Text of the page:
So we need to know some basics. Do you know the brand and model of your electric motor so maybe I can find it in my literature? Failing that, is it AC or DC? Operating voltage is useful too, if you have it. Is it a standard induction motor (by far the most common type of AC motor), a synchronous motor (almost unheard of in variable speed applications), or what? It makes a difference because the torque curves for the different motor types are very different.
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Last edited by dacap06; 04-24-2013 at 10:04 PM.
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Re: Islander 28 propeller location from shaft support?

The I28 I was on had a Volvo MD7A, which Volvo rates at 9.6hp @2600 rpm fwiw. And I have a note on the old PHRF certificate that it was a 12" Martec 2-blade folder. Doesn't mean that was the best choice--but it did work well. No idea what the pitch on that was.

Last edited by hellosailor; 04-24-2013 at 09:23 PM.
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Old 04-25-2013
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Re: Islander 28 propeller location from shaft support?

Thanks for putting out your input and questions dacap06.

You are correct, I'm looking for an approximation to have an idea about the propeller size before going to a shop. I really don't trust "experts", when it comes to sales, I tried to be some what informed. I then will be prepared with answer question the shop might have, shows I'm informed, and hopefully not an easy mark for buying something expensive I don't need.

So, I have an AC motor, 48v system, and the motor 100 amp max, 3.5 kw, 5 HP at the shaft.
I kinda thought the propeller size would be a 12 diameter, 3 blade. I'm just wondering about what pitch to get. I did get a guy who told me 80% of the propeller diameter, not sure if the rule is for electric, diesel, or gas. Based on that fact, I would use a 12x10, 3 blade.

I got it in my head from some where, the the hull to blade clearance was to close with the 13 diameter, causing some turbulence and noise issues on the Islander 28.

Thanks for the help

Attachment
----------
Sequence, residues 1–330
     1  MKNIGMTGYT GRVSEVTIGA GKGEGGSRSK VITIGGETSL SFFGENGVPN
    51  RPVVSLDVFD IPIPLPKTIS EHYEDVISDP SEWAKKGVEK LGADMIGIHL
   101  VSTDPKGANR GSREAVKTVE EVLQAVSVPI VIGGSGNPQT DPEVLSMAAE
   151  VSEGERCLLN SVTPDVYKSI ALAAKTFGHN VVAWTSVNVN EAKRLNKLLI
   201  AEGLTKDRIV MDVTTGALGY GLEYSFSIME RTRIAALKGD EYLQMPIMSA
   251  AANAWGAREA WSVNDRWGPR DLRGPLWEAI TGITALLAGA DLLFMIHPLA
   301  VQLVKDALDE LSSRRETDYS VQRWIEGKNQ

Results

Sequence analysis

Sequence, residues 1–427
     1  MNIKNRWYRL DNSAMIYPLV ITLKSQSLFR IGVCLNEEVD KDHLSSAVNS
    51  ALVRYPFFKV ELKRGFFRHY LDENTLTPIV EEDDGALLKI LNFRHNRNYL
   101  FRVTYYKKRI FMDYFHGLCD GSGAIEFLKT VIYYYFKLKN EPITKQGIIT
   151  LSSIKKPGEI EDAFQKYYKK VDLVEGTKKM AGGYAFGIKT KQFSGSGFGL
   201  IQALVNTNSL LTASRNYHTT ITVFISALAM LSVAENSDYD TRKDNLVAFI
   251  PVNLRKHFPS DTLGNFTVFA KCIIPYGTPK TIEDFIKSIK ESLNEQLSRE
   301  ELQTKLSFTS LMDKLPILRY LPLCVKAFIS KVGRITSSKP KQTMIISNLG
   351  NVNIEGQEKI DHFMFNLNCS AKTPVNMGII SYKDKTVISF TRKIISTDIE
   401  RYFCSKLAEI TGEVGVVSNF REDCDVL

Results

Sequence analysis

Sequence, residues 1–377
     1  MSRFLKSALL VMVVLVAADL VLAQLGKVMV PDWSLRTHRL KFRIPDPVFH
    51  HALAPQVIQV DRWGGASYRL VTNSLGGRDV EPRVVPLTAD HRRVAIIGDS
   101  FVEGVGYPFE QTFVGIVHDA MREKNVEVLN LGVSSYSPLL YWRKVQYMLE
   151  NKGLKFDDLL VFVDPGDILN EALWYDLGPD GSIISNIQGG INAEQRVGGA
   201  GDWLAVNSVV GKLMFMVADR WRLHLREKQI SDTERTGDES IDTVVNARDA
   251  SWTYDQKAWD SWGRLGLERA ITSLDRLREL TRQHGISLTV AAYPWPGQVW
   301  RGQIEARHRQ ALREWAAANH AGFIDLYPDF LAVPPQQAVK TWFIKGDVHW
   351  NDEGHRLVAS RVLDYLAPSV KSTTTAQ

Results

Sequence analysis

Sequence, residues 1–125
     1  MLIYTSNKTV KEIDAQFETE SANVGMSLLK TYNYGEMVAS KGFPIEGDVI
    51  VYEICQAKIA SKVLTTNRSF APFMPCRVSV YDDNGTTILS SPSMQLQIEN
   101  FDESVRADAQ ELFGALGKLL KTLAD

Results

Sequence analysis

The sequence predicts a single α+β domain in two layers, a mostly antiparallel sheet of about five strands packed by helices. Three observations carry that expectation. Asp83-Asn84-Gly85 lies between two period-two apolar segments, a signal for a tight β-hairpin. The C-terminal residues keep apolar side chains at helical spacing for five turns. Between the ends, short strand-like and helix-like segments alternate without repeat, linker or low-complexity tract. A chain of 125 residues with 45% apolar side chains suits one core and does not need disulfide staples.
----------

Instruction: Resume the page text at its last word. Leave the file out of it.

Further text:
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Re: Islander 28 propeller location from shaft support?

510,

Electric motors are are a really different beast when compared to diesel engines. Unlike diesels, you can't damage your electric motor by under loading it (e.g. under propping it) but you sure can by overloading it.

For the rest of this post, I will assume your boat has an induction motor. Wikipedia has a really nice write-up for induction motor basics.

Take a look at the section on torque. Those graphs shown are for polyphase motors rather than single phase, but the graphs for your motor will look similar. As you can see from the graphs, torque is determined by the difference in power supply frequency and motor RPM. That difference is determined by load on the motor. When load goes up, current goes up as speed slows down, to a point.

However, the "to a point" never comes into play in properly designed applications. In practice, you don't ever want slipping to be more than 5% of frequency or so. Otherwise, current goes up far enough that your motor overheats if you leave it that way very long. That means it really doesn't matter whether your induction motor is type A, B, C, or D (although I am betting on single phase type B). You will always operate it in the steep part of the torque curve to the far right of those graphs where slippage is small.

Tom
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Last edited by dacap06; 04-25-2013 at 07:37 AM.
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Re: Islander 28 propeller location from shaft support?

My I28 has a little Yanmar so I am still working out pitch, but wondering about max diameter.

Thoughts?